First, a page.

May 9, 2013
I am delighted to be participating in the book tour for my dear friend Lori Holden’s book, The Open-Hearted Way to Open Adoption.
Her book is unique in addressing the needs of both adoptive and birth parents. Her insights are useful for those who are considering or navigating the adoption process, as well as those who have already adopted/placed a child. She also has a chapter targeting the unique needs of those who are building their families through donor gametes or embryos.
As a reader of Lori’s blog for 5 years, as well as a face-to-face friend for almost as long, many of her personal stories were familiar to me. I also have no personal stake in any aspect of adoption. Even so, I found the book fascinating. Lori uses many compelling illustrations from her own life as well as those of others (such as Luna) to show successful, and not-as-successful, ways that others have engaged in open adoption. Although I have heard many of her suggestions from years of reading blogs by adoptive parents, there were several insights that I have never heard before.
A few weeks ago I saw an old friend (that is, she has been my friend for many years, though she is also much older than I am). One of her daughters has been struggling for infertility for many years. I inquired about her daughter, and my friend told me that her daughter was now pursuing adoption. I excitedly asked, “Domestic or international?” The reason I asked is that if the answer had been domestic adoption, I wanted to recommend Lori’s book to her, knowing that it would truly make her journey easier as well as benefit the emotional development of her future child.
And now, a few answers to questions from other book tour participants.
Lori refers to the relationship between adoptive parents and birthparents as similar to an in-law relationship. Does thinking about the relationship as an in-law relationship influence how you approach open adoption?
I found this insight really helpful. With my own in-laws and extended family, there are some with whom I want as much contact as possible, some with whom I enjoy occasional contact, some with whom I tolerate occasional contact, and some that I wish would go away. For the latter two, I still engage them not because I want to but because they are part of my children’s family.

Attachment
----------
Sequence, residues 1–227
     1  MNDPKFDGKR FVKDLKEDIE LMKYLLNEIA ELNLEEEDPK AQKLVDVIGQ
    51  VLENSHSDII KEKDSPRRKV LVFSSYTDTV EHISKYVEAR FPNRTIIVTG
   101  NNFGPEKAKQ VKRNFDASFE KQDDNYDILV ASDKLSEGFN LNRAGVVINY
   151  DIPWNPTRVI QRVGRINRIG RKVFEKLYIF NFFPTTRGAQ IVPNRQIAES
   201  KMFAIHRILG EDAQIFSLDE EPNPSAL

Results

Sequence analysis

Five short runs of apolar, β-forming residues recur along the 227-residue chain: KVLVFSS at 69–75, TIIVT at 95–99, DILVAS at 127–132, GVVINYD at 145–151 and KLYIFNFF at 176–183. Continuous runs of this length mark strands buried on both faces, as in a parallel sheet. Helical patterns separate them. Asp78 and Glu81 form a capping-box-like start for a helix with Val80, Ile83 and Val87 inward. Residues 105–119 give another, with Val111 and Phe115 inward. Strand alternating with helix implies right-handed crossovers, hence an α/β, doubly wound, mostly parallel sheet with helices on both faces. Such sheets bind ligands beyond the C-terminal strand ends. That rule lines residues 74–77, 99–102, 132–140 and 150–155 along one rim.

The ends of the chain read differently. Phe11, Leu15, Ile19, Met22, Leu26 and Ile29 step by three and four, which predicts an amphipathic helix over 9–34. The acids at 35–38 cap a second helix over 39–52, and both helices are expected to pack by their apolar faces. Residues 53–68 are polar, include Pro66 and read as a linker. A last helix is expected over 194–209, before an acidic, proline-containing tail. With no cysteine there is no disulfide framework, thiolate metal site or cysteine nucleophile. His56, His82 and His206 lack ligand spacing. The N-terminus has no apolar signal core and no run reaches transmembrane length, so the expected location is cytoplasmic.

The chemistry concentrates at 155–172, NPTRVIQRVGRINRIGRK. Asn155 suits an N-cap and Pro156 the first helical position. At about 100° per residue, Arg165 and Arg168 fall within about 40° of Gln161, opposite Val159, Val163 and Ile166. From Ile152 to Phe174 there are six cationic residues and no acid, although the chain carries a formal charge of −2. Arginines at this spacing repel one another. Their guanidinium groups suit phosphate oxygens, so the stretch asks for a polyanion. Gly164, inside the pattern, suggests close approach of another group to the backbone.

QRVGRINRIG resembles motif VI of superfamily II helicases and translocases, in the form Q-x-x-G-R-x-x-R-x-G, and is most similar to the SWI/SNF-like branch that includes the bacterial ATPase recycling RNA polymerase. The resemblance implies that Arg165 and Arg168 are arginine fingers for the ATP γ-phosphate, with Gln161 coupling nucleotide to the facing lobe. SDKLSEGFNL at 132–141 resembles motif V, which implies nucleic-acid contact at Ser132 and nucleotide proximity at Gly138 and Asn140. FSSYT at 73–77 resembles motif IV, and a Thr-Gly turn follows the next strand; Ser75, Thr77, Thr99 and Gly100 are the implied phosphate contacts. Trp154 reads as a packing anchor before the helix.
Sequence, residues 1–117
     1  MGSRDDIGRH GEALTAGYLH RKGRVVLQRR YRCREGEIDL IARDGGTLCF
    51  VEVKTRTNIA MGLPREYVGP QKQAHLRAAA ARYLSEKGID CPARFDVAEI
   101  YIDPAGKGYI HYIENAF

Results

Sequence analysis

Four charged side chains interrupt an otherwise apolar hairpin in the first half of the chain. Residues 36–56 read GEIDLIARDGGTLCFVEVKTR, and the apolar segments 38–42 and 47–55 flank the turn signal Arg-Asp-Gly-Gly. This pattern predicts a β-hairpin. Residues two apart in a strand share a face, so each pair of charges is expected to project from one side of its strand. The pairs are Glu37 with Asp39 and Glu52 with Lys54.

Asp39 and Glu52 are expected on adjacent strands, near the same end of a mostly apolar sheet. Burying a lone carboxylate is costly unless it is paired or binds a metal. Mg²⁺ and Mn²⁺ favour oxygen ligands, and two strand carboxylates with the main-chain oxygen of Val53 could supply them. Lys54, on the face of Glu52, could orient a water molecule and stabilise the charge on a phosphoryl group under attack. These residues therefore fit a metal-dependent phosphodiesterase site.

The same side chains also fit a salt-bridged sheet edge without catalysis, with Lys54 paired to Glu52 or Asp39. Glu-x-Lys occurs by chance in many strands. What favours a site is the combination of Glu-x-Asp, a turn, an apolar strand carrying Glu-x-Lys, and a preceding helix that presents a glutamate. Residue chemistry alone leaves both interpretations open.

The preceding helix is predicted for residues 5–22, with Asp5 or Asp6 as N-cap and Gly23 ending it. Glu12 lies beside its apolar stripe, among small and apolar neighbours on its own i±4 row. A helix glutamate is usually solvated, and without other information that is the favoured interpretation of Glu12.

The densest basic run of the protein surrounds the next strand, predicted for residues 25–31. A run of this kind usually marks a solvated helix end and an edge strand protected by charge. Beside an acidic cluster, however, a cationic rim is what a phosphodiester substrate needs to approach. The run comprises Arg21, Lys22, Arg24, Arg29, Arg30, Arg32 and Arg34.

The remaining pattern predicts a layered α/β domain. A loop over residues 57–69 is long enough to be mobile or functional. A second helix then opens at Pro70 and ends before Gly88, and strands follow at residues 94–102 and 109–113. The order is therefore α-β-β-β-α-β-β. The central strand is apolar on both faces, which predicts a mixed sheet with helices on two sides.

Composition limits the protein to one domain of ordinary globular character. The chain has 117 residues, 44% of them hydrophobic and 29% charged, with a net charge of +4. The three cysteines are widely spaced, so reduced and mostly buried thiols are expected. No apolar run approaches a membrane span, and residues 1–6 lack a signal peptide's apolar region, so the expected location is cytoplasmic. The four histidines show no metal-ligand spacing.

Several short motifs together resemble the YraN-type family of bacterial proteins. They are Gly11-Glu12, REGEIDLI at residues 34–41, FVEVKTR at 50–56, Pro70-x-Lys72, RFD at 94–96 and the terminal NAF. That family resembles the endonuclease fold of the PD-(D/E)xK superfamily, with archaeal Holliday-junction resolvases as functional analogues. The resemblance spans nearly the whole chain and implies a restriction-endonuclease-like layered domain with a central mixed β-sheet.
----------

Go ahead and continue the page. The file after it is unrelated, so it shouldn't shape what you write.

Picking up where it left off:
You could replace in-laws with birthparents or adoptive parents in the above paragraph and probably have it apply to almost every family’s open adoption situation.
In most of the cases that Lori describes, including her own relationship with Crystal, most of the contact occurs between the birth mother and the adoptive mother. To what extent do you see the mothers as the gatekeepers of contact for their respective families?
I think that women are usually the gatekeepers of family relationships in general, but it seems to be even more pronounced in open adoption. I’ve heard a lot describing contact between adoptive mother and birth mother. I’ve heard somewhat about contact between adoptive mother and birth father. I’ve heard only a little about contact between adoptive father and birth mother. I’ve never once heard about direct contact between adoptive father and birth father, except when they both happened to participate in a group interaction with mothers and others. It’s not weird to me if my husband contacts either a mother or father of a preschool classmate to set up a playdate for my twins, but it does feel weird to me to think of an adoptive father in a heterosexual relationship taking the initiative for reaching out to his child’s birth family. I don’t know if that’s me being rigid and closed-minded or if it truly would be weird.